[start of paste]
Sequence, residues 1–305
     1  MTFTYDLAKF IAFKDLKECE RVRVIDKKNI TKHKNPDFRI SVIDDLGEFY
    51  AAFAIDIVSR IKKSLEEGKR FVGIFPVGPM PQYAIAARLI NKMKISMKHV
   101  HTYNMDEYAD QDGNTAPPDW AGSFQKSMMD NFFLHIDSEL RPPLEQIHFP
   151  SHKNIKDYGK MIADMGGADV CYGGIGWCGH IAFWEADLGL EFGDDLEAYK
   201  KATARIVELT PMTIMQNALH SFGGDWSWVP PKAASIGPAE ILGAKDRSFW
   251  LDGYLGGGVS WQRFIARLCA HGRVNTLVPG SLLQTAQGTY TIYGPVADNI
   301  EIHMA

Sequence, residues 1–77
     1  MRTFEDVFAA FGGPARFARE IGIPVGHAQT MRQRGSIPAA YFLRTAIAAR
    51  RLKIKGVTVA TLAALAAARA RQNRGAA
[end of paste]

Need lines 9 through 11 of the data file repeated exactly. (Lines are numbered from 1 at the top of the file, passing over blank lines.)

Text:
Sequence, residues 1–77
     1  MRTFEDVFAA FGGPARFARE IGIPVGHAQT MRQRGSIPAA YFLRTAIAAR
    51  RLKIKGVTVA TLAALAAARA RQNRGAA